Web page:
…..Philosophical discussion for fun…..
This conversation is meant to be among RU (not a term I like - but it fits the bill - those who apply USing to their whole life) or those who are seriously thinking about RU.
Does RU extend to medical decisions? Does your child get to decide if and when to undergo medical procedures?
A few examples to get the ball rolling - anything else you can think of to add to the discussion is fine. None of these examples are personal.
1. You and several orthodontists think your daughter is a good candidate for braces. You have had several "second opinions", the issue is not going to resolve itself..what do you do? Does DD get the final say (she is 12) on whether or not to get braces? She knows if she does not get them now, she might end up paying for them as an adult herself.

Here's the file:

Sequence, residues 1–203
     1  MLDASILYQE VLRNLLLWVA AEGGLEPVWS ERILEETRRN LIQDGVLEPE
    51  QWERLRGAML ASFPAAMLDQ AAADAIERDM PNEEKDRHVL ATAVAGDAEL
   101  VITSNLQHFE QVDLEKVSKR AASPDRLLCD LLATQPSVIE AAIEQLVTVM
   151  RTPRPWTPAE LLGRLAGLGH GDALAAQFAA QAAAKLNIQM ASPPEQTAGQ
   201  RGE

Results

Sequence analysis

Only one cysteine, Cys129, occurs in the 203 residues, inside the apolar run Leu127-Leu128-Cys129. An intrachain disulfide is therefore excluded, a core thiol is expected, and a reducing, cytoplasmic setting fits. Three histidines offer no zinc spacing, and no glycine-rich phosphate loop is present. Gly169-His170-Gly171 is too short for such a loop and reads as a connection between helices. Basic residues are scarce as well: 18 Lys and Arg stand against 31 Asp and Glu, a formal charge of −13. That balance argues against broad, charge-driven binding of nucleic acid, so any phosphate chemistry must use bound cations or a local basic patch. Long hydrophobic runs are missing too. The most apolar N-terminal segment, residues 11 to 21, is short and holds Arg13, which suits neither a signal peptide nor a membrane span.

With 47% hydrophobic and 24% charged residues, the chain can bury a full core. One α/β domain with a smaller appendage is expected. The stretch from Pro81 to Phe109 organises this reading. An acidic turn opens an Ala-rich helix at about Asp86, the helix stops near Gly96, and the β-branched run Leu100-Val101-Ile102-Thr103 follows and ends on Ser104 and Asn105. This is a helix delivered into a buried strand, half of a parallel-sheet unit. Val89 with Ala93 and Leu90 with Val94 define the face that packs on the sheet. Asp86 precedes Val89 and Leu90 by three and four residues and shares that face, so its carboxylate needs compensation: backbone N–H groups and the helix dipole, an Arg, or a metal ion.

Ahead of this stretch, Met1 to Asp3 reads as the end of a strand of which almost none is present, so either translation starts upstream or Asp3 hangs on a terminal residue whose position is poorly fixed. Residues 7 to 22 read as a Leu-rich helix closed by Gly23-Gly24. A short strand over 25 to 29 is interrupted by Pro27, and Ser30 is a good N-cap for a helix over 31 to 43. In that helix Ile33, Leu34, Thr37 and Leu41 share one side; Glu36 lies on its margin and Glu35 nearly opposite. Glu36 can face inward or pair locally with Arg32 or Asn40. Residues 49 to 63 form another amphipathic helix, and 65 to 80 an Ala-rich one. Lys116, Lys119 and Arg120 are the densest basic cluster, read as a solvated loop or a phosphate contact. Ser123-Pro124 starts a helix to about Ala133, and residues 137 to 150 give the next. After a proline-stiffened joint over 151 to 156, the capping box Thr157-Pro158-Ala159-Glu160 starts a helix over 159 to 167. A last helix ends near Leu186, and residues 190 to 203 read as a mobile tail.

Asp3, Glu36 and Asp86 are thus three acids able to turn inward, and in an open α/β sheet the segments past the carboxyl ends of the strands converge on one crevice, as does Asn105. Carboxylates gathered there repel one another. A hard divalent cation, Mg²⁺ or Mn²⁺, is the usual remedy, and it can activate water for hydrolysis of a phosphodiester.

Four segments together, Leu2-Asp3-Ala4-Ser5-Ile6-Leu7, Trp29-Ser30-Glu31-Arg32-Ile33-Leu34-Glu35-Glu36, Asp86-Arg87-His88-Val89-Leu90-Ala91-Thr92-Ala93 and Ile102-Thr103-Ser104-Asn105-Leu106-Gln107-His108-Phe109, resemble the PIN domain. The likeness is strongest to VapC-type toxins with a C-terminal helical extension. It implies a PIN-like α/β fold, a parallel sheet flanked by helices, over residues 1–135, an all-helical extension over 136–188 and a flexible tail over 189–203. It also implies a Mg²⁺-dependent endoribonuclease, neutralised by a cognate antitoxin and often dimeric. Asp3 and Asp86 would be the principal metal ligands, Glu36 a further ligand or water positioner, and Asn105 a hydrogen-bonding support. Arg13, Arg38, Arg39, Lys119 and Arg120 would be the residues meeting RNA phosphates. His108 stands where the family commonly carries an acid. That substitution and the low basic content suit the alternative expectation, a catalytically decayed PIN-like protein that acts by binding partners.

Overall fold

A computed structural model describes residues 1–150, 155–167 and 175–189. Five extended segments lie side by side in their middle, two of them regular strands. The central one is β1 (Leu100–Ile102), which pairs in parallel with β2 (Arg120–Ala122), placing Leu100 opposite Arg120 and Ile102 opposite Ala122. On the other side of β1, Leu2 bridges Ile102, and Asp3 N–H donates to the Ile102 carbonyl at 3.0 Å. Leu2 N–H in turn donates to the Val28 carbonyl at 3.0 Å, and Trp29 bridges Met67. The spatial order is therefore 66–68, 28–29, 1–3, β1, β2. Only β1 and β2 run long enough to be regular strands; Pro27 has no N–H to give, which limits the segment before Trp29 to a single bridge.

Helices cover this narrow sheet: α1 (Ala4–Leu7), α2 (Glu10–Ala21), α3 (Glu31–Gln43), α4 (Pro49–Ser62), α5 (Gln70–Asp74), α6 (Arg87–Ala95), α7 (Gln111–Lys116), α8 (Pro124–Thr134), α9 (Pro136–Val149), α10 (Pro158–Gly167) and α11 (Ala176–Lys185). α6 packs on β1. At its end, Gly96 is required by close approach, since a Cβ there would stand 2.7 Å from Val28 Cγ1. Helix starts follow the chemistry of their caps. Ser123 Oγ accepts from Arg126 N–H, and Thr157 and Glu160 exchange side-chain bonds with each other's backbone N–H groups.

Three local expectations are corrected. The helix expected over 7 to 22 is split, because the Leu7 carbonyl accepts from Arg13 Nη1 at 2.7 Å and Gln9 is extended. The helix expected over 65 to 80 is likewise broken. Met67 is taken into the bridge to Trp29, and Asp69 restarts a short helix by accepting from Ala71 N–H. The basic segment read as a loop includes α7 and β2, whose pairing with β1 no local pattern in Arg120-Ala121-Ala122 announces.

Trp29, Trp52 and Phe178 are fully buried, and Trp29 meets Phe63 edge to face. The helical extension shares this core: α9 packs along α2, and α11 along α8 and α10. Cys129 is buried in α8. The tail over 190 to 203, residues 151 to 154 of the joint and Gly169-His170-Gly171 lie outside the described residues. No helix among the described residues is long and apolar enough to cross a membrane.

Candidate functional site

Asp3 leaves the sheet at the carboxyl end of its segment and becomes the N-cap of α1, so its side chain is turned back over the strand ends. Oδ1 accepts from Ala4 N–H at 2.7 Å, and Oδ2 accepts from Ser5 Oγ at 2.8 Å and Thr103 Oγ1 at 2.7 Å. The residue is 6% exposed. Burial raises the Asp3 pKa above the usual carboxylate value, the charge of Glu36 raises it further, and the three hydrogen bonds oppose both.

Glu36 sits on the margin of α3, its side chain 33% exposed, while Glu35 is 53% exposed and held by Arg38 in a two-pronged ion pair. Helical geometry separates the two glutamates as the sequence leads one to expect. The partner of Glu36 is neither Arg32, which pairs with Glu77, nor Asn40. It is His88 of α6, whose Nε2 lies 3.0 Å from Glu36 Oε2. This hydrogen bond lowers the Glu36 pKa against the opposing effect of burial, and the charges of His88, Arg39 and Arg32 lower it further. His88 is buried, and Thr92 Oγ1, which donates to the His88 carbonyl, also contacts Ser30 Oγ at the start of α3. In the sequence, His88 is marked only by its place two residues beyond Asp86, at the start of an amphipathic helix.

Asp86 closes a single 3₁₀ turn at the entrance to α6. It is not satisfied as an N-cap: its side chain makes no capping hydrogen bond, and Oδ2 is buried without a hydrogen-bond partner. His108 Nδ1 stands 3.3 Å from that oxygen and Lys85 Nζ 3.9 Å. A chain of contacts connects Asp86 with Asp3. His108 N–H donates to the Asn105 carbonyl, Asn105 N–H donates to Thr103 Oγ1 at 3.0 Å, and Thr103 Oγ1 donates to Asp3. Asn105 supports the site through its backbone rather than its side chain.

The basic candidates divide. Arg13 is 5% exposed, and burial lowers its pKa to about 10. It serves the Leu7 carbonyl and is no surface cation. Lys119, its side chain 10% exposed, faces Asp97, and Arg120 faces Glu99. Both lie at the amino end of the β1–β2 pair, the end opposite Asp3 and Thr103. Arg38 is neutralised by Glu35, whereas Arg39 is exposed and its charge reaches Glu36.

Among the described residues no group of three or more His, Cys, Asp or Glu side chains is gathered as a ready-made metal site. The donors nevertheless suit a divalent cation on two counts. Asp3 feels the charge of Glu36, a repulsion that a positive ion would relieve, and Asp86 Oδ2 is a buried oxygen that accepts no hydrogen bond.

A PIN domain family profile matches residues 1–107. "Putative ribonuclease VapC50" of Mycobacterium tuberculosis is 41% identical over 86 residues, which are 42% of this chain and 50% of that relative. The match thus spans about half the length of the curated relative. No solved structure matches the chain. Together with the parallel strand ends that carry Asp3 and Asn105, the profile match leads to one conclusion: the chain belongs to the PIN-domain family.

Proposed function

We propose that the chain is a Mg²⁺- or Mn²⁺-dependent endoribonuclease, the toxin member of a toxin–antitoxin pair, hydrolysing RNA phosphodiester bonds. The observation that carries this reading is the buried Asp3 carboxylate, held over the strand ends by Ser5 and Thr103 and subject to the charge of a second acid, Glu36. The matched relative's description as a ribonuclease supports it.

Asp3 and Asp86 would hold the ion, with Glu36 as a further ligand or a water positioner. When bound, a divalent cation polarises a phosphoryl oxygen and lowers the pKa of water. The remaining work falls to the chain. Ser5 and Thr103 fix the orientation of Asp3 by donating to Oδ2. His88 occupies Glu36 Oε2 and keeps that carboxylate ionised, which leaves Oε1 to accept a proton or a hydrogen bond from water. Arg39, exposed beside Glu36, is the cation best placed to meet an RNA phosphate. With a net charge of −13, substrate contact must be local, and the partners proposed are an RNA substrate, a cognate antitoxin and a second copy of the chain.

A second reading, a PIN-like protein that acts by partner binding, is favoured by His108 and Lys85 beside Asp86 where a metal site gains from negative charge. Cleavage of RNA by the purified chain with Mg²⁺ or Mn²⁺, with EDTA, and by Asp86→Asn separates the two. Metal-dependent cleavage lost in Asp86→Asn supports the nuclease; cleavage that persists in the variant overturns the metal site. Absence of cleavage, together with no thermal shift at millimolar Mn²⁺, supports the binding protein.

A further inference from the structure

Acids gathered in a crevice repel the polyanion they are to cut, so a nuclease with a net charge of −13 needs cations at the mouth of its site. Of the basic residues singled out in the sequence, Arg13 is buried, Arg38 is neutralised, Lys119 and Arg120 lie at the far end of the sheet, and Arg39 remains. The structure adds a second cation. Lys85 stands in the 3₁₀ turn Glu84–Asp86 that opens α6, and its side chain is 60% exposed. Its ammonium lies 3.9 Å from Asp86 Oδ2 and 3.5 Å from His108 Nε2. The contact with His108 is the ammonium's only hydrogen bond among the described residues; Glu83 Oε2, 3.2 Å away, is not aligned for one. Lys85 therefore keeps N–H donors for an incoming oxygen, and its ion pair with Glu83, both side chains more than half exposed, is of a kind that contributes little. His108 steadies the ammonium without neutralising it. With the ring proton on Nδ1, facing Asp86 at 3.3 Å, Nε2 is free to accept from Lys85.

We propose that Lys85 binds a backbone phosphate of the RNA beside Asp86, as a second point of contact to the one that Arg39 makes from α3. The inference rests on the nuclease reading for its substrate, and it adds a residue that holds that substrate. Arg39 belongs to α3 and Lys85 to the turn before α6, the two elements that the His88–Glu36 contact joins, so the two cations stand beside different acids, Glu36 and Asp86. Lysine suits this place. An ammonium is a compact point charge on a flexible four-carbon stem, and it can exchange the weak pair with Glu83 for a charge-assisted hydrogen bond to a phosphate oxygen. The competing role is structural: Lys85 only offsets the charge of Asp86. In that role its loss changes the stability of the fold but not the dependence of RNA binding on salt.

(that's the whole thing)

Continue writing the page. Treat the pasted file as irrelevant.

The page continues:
2. Your daughter (also age 12) wants the HPV vaccine. You are not so sure. The readings you have done are not convincing you of the safety. DD is afraid of cancer, and disagrees with you on the risk of the vaccine. You think she has doen a little research on the topic, but not as much as you. What do you do? do you sign the consent form?
3. Your DS goes to school. He likes it, but has serious trouble with attention that might be affecting his grades. The teacher and doctor have suggested Ritalin, which did seemed to be working, but your son did not like the side effects. He is happy with his "C" grades, but you are worried about how these marks might affect his future. You have tried alternative ways to help him focus but nothing works like the Ritalin does.
Personally, I believe kids should get a lot of say in medical decisions. It is their body. I do believe in discussing issue with the kids, but try to be cognizant of when discussing becomes badgering, and I do believe in taking "no" for an answer.
I think whether something is elective or necessary does come into it, but knowing what is necessary and what is elective is truly tricky. Take Ritalin for example: some people would put it in the necessary category (that it addresses a chemical imbalance in the brain ) and some would so it is not necessary - people can absolutely live without it.